Donall spent his working life in England, living in a milt-cultural world. But he lived much of the time in the Irish community with its cultural reference points, the church, the jobs, the dance-hall and public house. Soon after arriving, he concluded "Damn this place, there's nothing in it! Bad and all as it might be, there's more in Kilkenny!" (Keogh 14-16) Eleanor “Above all, let us look at the problem of emigration as a human or personal one. It is people who count most; and it is people, our own people, that are involved. When we think of emigration then, we must think of it not in any abstract or metaphorical terms but in terms of men and women.” (Lucey 9) http://www.facebook.com/video/video.php?v=10152277208580282 Eleanor was born in 1950 and left Cork in 1958 with her parents to travel to London. Before leaving Cork, they lived on a local authority housing estate on the outskirts of Cork city. Here "they had a home, but very little else."
With her parents and siblings, they sailed from Cork to Fishguard and then onward to Paddington Station in London. She notes, "I remember arrive at Paddington, and the noise and chaos of what seemed to me as a small child [to be] thousands and thousands of people all over the place, and feeling excited but apprehensive, quite frightened by the whole thing."
As many emigrants to Britain did, Eleanor spend her summer holidays with relatives in Cork. Recounting her halcyon days in Cork, Eleanor notes, "The other thing of my childhood I remember most clearly were long cold winters in London and long hot summers in Cork. We went home every summer for the full six weeks' holiday...I never wanted to leave Cork; I hated London." (Delaney 83) Irish Identity Abroad England: "The post-1945 Irish population has been caught between two images. On the one hand their migrants experience and cultural difference has been denied because they are a 'white', 'British Isles' population groups. On the other anti-Irish stereotypes persist in British society and been fueled by anti-IRA fears over the last thirty years.
Irish children were educated to become 'good Catholics' and to lose their Irish national identities in the public sphere of school and the outside world. However they persisted at home and strong sense of Irishness were often passed on to second-generation children.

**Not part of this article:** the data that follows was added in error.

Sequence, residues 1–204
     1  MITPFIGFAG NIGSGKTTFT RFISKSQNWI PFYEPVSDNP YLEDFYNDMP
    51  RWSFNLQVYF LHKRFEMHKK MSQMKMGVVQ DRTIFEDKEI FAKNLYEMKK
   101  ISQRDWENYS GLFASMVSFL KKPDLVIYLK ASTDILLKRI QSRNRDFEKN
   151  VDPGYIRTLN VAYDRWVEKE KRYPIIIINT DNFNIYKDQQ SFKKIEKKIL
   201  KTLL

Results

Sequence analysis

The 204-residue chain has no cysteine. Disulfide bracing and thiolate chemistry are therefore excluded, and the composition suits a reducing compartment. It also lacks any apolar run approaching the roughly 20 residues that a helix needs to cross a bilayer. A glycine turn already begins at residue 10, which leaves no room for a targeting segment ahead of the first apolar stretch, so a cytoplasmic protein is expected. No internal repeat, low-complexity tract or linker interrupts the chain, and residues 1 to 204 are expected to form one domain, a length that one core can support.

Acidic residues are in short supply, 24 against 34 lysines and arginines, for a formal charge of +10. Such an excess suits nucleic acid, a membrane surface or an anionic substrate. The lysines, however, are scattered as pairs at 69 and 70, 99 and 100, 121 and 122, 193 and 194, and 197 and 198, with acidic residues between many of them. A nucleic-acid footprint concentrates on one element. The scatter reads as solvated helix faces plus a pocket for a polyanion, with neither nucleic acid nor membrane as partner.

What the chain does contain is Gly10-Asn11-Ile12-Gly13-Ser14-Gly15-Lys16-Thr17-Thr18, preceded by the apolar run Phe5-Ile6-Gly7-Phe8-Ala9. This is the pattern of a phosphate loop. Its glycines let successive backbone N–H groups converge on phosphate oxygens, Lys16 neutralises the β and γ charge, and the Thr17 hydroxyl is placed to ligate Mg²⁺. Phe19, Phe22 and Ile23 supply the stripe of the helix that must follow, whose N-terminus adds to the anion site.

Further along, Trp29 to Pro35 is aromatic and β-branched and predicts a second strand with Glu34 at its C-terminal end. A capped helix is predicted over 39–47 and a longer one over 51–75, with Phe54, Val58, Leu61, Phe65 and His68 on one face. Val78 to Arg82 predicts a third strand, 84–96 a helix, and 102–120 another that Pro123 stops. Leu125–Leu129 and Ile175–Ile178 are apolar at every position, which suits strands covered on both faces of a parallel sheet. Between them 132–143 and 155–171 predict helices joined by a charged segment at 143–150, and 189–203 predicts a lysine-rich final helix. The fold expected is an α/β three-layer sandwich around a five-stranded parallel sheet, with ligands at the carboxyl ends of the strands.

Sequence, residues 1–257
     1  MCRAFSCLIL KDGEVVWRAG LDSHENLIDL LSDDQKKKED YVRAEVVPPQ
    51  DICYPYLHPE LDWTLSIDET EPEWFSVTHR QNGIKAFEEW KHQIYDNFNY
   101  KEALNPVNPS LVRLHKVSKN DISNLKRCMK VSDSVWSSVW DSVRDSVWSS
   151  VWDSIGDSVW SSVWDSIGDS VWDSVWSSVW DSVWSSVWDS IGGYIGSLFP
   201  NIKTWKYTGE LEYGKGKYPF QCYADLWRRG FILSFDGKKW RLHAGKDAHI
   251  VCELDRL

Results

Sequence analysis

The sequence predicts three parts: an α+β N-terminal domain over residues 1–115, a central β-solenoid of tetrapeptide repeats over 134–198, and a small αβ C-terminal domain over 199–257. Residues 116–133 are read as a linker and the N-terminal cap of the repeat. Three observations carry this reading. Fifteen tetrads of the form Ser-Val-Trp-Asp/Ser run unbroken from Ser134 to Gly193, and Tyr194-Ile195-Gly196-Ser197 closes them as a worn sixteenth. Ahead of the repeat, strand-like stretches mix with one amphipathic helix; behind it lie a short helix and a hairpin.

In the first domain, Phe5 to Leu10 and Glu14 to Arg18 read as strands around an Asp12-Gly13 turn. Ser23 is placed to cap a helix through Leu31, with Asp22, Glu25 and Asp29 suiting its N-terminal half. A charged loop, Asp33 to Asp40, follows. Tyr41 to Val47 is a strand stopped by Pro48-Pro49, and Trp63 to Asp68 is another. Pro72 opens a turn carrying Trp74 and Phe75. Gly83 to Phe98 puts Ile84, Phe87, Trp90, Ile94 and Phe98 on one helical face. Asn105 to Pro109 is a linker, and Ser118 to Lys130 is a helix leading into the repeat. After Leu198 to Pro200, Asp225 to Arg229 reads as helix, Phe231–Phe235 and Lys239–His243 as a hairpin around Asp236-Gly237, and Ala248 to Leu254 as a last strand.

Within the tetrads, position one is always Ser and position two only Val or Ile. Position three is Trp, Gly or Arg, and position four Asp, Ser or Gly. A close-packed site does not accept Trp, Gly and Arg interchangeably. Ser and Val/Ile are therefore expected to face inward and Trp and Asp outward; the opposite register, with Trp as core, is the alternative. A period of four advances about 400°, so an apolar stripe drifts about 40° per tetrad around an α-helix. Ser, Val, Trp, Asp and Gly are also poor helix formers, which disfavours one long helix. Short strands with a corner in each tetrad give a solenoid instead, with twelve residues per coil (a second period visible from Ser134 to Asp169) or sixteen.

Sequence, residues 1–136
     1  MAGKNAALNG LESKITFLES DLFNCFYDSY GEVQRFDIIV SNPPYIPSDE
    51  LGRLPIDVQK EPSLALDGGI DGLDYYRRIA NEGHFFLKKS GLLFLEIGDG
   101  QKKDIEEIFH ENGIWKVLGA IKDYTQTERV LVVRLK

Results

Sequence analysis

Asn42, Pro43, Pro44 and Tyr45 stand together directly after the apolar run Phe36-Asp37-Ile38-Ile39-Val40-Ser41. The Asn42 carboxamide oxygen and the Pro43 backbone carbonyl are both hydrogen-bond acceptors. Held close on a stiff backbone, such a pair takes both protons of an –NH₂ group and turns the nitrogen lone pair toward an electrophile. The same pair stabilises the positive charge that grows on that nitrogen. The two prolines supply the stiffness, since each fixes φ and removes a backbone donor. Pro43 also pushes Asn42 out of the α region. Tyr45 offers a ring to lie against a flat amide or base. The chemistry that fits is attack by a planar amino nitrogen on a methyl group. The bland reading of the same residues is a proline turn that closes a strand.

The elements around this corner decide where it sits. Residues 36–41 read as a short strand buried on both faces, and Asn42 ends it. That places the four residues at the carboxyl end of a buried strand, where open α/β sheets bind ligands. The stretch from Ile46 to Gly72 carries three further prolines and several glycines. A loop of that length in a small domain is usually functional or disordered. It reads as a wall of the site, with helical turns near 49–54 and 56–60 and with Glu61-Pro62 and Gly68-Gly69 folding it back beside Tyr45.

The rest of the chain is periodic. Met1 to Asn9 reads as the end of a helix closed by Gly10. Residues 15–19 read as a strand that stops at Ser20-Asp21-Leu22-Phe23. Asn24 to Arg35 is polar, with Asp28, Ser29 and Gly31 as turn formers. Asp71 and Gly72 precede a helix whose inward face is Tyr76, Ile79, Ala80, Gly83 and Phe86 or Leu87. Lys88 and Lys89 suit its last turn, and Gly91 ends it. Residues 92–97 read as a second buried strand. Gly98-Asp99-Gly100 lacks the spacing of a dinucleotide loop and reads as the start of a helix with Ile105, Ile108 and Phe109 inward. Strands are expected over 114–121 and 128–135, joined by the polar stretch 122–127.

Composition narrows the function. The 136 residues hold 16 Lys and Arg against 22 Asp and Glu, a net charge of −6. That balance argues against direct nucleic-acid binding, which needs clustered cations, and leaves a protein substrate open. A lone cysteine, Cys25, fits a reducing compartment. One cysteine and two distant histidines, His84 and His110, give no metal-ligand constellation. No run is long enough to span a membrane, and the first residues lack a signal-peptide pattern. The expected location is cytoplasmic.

Yet despite the assimilation of some Irish in Britain, three major discriminatory elements remained: non-recognition of Irish needs and experiences of racism, stereotyped responses and exclusionary practices, racial harassment. (Walter 41,44) United States: Irish-American patriotic contributions in the US, even well before JFK's historica 1960 election, were well recognized. In addition, the 1940s and 50s seemed to represent the fulfillment of the ideological dreams of Irish immigrants. Essentially despite personally held Irish identities, academics identified children and grand-children of Irish immigrants as quintessentially American.
While the Catholic identity in Britain posed a threat to Irish security, the traditional Irish Catholic faith rose to the forefront of American ideology. Also in great contrast to Britain, the Catholic Church offered guidance for new Irish immigrants in the form of advice and material support. (Walter 58,62) Australia: Despite the presence of Irish immigrants in Australia since the earliest days of colonial settlement, the distinctive Irish contribution is only recently being acknowledged. Unfortunately alongside the explosion of Irish associations and activities run a strong anti-Irish sentiments similar to those in Britain. (Walter 81) “What is draining away are the human beings – the son from his mother, the husband from his wife, boys and girls from home and all they hold dear. What is going are people. And people are the most worthwhile thing in the whole world, so worthwhile that God Himself came to live among them and die for them. They do not want to go; they should not have to go; and when they go, the difficulties and dangers of life abroad are too much for many of them. They are our brothers and sisters. We cannot sit by and watch them being edged out into countries alien in race, religion, and way of life; we are their keepers.” (Lucey 9-10)